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Why ‘subject to sale’ offers are worth considering

Posted 20/8/18

Buyers are often sellers too. Many people who decide to sell their home also look for an alternate property at the same time and often find something appealing before they have secured a buyer for their own.

What is a ‘subject to sale’ offer?

Buying a property that is subject to the sale of another property is common and REIWA agents are well equipped to ensure the sale agreement is procedurally correct.

Normally, these agreements enable the seller to continue to promote their property for sale and, in the event of receiving an alternate offer to purchase (normally not subject to the sale of that buyer’s property), give notice to the first buyer of their intention to proceed with the second offer after two business days.

This colloquially termed ‘48 hour clause’ provides the original buyer two business days to obtain an offer on their property or waive the benefit of the subject to sale condition.

Certainly, these arrangements can get tricky. Agents need to be especially careful not to prejudice the second party by giving the first buyer a hint that a second offer might be on the way.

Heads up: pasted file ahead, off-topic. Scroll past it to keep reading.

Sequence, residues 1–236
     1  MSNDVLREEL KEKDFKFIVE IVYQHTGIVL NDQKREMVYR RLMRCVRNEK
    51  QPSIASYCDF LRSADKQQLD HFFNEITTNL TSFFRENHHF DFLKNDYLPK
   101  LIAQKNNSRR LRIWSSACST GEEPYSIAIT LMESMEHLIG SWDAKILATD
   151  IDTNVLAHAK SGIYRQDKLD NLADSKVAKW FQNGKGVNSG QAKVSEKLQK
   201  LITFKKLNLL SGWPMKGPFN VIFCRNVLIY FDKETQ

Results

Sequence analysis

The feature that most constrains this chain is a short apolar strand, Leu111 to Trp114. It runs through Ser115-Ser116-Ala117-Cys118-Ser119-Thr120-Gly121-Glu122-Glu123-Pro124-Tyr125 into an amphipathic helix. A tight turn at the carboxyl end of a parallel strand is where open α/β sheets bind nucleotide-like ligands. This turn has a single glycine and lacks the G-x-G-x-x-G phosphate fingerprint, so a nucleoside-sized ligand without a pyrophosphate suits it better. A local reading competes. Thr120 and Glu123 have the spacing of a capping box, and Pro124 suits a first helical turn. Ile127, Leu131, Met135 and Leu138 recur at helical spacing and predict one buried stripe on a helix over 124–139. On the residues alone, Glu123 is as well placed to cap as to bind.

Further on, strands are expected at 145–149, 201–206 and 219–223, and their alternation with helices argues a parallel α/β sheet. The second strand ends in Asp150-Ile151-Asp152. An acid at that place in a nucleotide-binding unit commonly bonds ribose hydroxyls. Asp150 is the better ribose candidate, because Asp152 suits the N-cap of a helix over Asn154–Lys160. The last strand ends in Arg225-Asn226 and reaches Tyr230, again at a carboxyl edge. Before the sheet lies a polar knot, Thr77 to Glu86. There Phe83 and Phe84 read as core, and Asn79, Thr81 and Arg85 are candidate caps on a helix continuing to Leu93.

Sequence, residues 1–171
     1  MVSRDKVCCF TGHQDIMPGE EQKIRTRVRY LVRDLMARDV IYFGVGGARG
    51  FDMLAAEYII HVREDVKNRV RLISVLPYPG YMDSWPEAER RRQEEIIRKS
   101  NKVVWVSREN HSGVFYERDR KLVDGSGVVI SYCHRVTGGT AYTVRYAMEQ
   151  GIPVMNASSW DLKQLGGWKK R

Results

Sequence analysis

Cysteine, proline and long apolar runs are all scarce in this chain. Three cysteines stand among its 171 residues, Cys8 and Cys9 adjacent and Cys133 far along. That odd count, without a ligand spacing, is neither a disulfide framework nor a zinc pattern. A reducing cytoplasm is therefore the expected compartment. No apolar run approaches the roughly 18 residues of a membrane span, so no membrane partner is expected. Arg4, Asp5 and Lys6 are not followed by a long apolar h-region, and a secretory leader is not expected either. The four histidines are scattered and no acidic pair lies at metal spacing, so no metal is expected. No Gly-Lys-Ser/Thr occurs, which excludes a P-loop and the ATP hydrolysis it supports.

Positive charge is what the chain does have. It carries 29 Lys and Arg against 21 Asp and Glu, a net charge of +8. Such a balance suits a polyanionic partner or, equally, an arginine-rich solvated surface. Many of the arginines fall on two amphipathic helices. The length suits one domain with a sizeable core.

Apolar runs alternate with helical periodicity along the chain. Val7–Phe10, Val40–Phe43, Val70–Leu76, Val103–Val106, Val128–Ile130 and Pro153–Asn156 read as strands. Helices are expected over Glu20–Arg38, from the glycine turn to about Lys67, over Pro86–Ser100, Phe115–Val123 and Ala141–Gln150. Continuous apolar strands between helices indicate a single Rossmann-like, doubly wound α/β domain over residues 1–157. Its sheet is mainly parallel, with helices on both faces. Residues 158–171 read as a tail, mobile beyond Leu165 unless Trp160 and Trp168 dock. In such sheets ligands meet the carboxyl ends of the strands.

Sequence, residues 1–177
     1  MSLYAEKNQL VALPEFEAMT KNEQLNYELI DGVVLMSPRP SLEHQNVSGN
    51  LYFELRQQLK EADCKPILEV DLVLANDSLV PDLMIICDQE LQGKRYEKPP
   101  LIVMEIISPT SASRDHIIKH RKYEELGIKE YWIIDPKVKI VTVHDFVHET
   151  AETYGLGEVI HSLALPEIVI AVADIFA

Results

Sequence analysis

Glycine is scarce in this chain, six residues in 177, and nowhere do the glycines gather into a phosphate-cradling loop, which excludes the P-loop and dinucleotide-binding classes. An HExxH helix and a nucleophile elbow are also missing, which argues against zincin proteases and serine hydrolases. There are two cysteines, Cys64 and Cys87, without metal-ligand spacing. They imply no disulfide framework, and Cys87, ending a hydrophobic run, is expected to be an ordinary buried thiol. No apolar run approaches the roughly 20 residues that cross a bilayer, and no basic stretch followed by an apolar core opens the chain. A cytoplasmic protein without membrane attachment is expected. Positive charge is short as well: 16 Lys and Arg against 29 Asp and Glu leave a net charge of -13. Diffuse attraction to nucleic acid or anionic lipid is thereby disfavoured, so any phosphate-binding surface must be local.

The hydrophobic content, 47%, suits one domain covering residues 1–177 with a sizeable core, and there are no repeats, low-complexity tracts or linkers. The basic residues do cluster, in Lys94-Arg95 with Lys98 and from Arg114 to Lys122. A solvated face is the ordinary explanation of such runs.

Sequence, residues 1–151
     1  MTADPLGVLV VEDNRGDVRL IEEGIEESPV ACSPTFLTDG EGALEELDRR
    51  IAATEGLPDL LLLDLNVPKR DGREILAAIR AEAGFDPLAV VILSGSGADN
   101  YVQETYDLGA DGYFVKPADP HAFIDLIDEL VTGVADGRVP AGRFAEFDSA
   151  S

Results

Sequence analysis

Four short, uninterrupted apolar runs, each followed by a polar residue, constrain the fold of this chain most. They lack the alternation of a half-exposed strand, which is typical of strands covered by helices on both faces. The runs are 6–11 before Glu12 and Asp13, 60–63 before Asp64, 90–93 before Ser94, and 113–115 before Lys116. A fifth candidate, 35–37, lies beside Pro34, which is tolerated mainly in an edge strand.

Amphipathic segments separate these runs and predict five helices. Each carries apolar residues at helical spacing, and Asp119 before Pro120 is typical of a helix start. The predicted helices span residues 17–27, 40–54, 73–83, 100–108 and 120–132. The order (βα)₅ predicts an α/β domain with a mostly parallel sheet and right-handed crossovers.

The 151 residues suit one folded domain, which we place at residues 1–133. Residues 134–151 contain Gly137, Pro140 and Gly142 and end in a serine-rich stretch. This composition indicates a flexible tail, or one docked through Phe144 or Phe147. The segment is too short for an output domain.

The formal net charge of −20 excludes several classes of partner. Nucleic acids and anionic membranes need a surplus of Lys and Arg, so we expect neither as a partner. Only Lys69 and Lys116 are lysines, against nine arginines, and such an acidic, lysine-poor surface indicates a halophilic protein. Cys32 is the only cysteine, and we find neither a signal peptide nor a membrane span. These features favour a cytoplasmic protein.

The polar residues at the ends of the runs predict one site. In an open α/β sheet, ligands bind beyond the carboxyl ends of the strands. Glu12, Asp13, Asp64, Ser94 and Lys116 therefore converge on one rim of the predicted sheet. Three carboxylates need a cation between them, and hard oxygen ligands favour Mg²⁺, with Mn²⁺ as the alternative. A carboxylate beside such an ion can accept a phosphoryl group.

Notices served between the parties must also be technically compliant to ensure neither party are unfairly advantaged.

Importantly, seller ought to know that when accepting a ‘subject to sale’ offer at say $500,000, this then binds them to that sale price within the 48 hour period – even if a second unconditional offer is superior on terms or in price (provided the original buyer choose to make their offer unconditional within the 48 hour time frame).

Subject to sale offers can benefit sellers

Although this type of sale requires more careful attention, contracts for sale that include the ‘subject to sale’ condition, often succeed and proceed smoothly to settlement.

This type of sale also has the potential to advantage the seller, with the buyer often paying a premium for the privilege and protection of settling after the guaranteed sale of their own property.

Given the conditional nature of the sale, sellers are justified in asking for a higher price from the subject to sale offer.

There have been instances where the seller rejected a ‘subject to sale’ offer at a premium price, only to have that same buyer return to the same property after they’ve sold and pay a lower price.

I would advise sellers to consider all offers presented to them, including those that are subject to sale. It’s in your best interest to give consideration to all serious buyers as this can often lead to other buyers committing to an offer once they know other parties have expressed an interest to buy.

Author: REIWA President Hayden Groves
Source: REIWA

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Bailey Devine Real Estate

Bailey Devine Real Estate